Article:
Venus has played a strong role in mankind’s imagination, being a bright object in the sky in the evening sky and then the morning sky, whilst also viewed as the primary female goddess of the Ancient Near East. To recent astronomers, she is covered in impenetrable clouds, whilst the invention of radar revealed a rocky sister planet to Earth but with no life as we know it. It is perennially associated with the pentagon, because its synodicThe recurring time cycle of a given celestial phenomenon seen from the Earth. periods draw out a pentagon within the zodiacThe 12 constellations through which the sun passes in the solar year of 365.2422 days in 8 solar years. The reasons it does so are intriguing to say the least, and we explore the unusual numerical characteristics of Venus seen from Earth.

(adapted from a 1994 text, using 2020 hindsight)

## Part 1: A Nearly Golden Mean

The Golden MeanThe Golden Mean is that unique ratio {1.618034}, relative to ONE {1}, in which its square and reciprocal share the same fractional part {.618034}. It is associated with the synodic period of the planet Venus, which is 8/5 {1.6} of the practical year {365 days}, by approximation. It is a key proportion found in Greco-Roman and later "classical" architecture, and commonly encountered in the forms living bodies take. or Golden Section is a most
extraordinary number approximately 1.618 in value. If you square it you get 2.618:
that is the square is the number itself plus one. There must be and can only be
one number that has this characteristic, and it may occur between any two
lengths, areas, volumes or *celestial time periods*. If you make a
reciprocal of the Golden Mean you get 0.618: that is the reciprocal is the
number minus 1. This behaviour makes equations where the algebra get very
simple. This is clear in the fact that the square of 0.618 is 0.382: that is
the square or the reciprocal is equal to one minus the reciprocal. In fact,
given the previous relations, this relation has to be true.

So what has the Golden Mean got to do with Venus? The answer is in its sidereal period. Venus orbits the Sun in 0.615 years, a value close to the Golden Mean as 8/13. This value is of course only related to the Earth, because it is in Earth years.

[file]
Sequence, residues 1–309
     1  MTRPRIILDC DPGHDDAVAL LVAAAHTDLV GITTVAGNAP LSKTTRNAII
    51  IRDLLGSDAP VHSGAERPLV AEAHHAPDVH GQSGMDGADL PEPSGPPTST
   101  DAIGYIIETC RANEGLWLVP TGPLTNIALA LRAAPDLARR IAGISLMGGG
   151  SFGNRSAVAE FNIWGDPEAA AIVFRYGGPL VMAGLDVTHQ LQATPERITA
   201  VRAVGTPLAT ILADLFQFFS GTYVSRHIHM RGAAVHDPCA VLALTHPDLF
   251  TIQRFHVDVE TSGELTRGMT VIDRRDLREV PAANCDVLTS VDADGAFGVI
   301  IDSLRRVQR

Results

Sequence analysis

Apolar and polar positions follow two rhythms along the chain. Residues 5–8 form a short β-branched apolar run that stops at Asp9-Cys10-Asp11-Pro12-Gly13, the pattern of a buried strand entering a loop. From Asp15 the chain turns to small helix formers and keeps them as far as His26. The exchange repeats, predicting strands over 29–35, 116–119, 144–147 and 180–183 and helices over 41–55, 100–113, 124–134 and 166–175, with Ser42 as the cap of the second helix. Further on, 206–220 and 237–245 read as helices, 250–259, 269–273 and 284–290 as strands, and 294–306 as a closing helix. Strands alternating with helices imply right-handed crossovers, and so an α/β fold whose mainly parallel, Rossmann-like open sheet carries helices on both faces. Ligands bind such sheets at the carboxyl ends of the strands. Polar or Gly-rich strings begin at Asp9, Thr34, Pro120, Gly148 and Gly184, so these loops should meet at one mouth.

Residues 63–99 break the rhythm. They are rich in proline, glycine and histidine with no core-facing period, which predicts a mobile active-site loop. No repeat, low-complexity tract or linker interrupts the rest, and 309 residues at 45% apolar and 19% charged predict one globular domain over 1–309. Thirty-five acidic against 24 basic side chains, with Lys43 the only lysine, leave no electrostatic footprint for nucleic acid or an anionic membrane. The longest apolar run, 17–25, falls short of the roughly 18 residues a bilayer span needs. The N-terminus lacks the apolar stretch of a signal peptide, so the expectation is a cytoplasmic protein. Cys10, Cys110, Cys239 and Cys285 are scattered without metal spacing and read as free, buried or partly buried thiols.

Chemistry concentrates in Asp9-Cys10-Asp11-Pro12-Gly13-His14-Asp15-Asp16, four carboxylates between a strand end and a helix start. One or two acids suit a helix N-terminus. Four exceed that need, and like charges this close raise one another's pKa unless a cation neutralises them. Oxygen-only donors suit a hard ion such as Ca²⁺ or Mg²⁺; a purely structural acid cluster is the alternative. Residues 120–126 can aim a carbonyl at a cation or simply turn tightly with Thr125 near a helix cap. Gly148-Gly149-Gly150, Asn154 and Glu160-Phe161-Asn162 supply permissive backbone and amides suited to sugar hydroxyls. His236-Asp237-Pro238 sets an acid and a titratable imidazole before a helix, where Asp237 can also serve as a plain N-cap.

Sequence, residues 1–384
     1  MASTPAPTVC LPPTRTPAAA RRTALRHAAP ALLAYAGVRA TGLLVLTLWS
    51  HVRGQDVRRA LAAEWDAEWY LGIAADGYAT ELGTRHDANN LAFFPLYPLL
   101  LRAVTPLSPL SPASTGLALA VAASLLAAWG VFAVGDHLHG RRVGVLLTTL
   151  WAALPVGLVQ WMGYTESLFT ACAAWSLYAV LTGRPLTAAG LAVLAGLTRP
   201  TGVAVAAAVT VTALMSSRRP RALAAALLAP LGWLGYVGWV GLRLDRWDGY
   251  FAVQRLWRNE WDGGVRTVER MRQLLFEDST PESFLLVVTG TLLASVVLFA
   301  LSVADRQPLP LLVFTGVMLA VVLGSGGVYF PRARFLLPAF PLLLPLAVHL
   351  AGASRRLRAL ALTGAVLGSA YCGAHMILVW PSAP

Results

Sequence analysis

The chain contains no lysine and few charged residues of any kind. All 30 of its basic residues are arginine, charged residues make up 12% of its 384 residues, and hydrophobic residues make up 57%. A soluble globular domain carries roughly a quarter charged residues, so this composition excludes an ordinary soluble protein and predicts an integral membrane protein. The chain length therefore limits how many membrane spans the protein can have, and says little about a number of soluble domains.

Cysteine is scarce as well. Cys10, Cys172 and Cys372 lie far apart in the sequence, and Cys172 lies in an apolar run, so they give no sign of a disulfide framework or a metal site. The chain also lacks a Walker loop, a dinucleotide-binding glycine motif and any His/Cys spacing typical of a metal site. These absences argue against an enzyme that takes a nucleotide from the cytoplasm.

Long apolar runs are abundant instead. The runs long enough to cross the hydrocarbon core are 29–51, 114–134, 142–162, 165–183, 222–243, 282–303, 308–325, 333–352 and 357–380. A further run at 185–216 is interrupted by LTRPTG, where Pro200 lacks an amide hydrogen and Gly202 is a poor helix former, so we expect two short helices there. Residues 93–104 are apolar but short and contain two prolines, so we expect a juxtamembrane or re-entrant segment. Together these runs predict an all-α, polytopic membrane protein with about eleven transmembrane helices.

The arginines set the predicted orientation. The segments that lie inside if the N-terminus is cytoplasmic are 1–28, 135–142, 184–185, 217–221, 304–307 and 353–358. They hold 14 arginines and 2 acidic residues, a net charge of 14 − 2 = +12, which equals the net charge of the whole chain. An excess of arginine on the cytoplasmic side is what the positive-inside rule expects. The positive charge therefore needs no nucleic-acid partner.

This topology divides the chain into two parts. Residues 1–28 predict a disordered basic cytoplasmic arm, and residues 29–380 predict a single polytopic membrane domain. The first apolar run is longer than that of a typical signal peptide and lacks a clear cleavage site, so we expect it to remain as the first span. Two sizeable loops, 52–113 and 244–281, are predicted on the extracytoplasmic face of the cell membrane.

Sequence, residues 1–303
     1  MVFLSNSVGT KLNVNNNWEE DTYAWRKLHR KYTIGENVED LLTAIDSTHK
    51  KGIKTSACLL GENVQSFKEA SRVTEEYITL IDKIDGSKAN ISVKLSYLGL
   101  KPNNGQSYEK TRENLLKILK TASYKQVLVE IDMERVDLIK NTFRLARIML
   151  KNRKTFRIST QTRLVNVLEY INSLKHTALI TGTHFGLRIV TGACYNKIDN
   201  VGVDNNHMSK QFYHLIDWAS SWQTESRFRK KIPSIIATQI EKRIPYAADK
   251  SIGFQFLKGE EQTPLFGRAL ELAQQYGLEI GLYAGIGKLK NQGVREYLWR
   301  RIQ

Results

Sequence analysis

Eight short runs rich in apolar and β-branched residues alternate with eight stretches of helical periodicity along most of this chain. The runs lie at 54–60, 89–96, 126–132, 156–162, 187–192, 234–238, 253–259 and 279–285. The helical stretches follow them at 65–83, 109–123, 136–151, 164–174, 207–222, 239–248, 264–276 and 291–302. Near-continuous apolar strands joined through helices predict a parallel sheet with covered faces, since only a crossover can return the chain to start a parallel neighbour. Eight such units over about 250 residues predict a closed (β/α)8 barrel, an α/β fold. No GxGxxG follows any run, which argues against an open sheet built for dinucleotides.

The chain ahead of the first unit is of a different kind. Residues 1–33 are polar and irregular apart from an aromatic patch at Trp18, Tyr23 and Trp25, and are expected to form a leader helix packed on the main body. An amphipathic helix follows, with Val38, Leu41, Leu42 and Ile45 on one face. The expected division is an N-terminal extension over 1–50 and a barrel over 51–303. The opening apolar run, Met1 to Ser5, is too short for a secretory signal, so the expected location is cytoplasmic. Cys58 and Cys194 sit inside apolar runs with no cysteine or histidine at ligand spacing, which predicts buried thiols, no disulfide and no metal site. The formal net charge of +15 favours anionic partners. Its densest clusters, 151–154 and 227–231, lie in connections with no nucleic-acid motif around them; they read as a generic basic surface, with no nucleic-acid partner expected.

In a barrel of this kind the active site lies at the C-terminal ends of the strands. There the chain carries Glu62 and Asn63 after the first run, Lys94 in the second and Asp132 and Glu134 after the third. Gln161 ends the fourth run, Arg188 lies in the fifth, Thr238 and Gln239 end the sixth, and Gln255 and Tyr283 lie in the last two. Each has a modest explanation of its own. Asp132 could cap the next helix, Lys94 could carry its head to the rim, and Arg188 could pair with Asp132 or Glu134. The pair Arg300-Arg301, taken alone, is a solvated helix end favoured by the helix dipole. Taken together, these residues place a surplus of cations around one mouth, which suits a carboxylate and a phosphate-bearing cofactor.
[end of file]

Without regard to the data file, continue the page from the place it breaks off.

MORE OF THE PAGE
The sidereal period of 0.615 years (224.701
days) automatically makes its synodic period 1.618 years (583.92 days) because its
synodic period is based upon both the sidereal period and the solar yearFrom Earth: the time in which the sun moves once around the Zodiac, now known to be caused by the orbital period of the Earth around the Sun.. The
0.615 value is interesting because it is a usable Fibonacci approximation to
the Golden Mean, available through the fraction 8/13. If the Venus orbit is 8/13^{ths}
of a year, then the remaining fraction of a year is 5/13^{ths}. If this
is divided into 8/13ths then the thirteens cancel out and 8/5^{ths}
remains, i.e. 1.6 years, which is the Venus synodic period.

This synodic period is the time taken for Venus to be in the same relation to the Sun, which it clearly orbits. Thus, if the maximum Morning Star phenomenon occurs at one time, then it will recur after 1.6 years when the Sun has travelled one and three fifths times around the zodiac. This will appear as two fifths further west (in the sky-ecliptic) to a real observer on the surface of the Earth. Whilst proximity to the Golden Mean appears unlikely, the orbit of Venus comes under the laws of integer residues in the context of orbits that are re-entrant (re-enter themselves). just The Fibonacci series of numbers {1 1 2 3 5 8 13 …} are all integer and it is remarkable that Venus, in her synodic period and sidereal orbit, are a living demonstration of the earliest part of the Fibonnacci series where good approximations of Phi (adjacent members) and Phi squared (next-door-but-one ) appear, namely in the range {5 8 13}. These three numbers enable the sidereal 8/13 to be the reciprocal of 8/5.